A Brief History Of The Wage Law

The minimum wage law is set by the US labor law in the United States. Employers, in general, have to pay the highest minimum wage to its workers that is prescribed by the federal, state and local law. The minimum wage rate is set at 7.25$ per hour nationwide. There are 29 states that are giving higher wages to the employees than that of the federal law. Furthermore, 21 states increased their minimum wages level from 2017 t0 2018.  

Minimum Wage Law

As the name specifies, minimum wage law states the lowest hourly wage rate an employer have to pay to the employees to perform the work. The minimum wage law is comprehensive in its nature and coverage, most provide exemptions and/or limitations to theirs. The applicability of this law depends upon many factors such as; the age of an employee, an employer's size, the type of industry, whether an employee receives tips, the type of the work that an employee performs etc.

The minimum wage laws are applicable regardless of whether an employer pays an employee by the rate of the hour, by piece, by salary, by commission etc. The law applies unless there is an exemption to the minimum wage law.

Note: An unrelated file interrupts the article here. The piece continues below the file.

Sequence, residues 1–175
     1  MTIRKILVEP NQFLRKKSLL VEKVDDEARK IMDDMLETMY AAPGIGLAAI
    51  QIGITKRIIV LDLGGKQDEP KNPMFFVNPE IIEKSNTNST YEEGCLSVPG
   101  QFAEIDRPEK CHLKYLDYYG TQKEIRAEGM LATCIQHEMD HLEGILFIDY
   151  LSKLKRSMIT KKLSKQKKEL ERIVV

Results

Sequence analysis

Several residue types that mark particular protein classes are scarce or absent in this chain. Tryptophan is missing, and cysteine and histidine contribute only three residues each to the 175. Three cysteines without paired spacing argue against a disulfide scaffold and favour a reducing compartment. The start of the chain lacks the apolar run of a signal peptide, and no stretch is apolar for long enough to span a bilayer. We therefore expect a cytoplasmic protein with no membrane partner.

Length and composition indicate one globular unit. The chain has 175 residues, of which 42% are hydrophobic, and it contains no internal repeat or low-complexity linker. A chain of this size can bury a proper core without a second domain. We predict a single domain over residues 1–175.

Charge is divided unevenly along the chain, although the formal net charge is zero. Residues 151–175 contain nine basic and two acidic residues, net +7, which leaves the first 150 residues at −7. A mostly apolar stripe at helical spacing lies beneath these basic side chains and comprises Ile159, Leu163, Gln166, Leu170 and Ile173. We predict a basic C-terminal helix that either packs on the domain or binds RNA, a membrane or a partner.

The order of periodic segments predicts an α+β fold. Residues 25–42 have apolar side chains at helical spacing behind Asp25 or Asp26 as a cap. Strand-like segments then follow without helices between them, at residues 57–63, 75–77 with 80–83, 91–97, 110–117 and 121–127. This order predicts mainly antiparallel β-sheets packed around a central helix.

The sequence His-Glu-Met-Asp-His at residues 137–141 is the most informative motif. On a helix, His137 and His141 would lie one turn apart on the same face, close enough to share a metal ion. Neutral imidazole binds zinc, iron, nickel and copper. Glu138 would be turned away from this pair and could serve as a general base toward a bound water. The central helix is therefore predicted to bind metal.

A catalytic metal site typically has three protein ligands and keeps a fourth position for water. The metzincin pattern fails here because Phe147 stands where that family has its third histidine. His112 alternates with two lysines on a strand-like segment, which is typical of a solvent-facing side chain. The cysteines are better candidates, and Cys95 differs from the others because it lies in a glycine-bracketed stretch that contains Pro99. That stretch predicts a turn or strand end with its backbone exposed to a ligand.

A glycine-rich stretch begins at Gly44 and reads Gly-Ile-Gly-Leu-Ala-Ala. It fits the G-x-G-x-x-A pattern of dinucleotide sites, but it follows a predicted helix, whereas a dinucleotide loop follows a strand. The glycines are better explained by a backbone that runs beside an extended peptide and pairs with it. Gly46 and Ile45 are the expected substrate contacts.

Federal Minimum Wage Law

This law is by the Federal Government to set forth a national minimum wage rate. The law is called the Fair Labour Standards Acts (FLSA). The current rate of the federal wage is $7.25 per hour, for non-exempt and non-tipped employees.

Employees that receive a tip, the minimum wage rate by the Federal law is $ 2.13.There are several classifications of exempt employees given by the FLSA's minimum wage requirement. Click here to read further information about the federal minimum wage requirement.

State Minimum Wage Laws

The minimum rate for the wages is different for each state. There are many states who have either not passed any minimum wage law or have simply adopted the laws that are set by the federal government called FLSA.

But, each state has its own complex and complicated set of rules and regulation and that's why some states that have passed their own minimum wage rates law too. To see the list of minimum wage rates and links to state-specific minimum wage information, you can visit State Minimum Wage and Overtime Summaries.

Conflicts between Federal and State Minimum Wage Laws

There are some states where the state law differs from the federal law. Employers are confused and it becomes difficult to decide for them to apply which law for the wages of the employees. The answer in such a difficult situation is that an employer must apply the minimum wage law that results in its employees being paid the highest wage rate.

Thus, if the state law gives the employee higher rate than the federal rate and no exemptions apply, then the employer is required to pay its employees wage according to the state minimum wage rate and vice versa.